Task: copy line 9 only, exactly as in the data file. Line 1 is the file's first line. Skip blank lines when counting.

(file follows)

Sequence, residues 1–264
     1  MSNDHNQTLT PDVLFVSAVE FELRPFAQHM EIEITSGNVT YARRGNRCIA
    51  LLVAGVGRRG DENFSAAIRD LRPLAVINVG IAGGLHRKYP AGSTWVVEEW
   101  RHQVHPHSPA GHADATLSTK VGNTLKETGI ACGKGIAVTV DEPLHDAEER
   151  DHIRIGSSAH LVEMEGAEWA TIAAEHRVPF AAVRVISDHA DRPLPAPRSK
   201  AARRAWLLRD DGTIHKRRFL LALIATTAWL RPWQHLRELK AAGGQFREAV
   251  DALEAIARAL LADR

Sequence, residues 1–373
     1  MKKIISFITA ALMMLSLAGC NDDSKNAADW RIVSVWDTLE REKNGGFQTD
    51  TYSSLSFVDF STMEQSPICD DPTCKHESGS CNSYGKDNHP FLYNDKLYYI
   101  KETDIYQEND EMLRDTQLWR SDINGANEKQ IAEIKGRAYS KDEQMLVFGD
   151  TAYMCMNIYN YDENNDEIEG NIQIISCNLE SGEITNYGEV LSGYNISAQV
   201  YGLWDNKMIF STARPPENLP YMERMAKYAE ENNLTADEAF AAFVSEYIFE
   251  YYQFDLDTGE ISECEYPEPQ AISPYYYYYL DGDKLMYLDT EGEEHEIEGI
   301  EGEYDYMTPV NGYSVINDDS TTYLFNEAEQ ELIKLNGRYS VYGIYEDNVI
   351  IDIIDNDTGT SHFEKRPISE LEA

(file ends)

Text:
     1  MKKIISFITA ALMMLSLAGC NDDSKNAADW RIVSVWDTLE REKNGGFQTD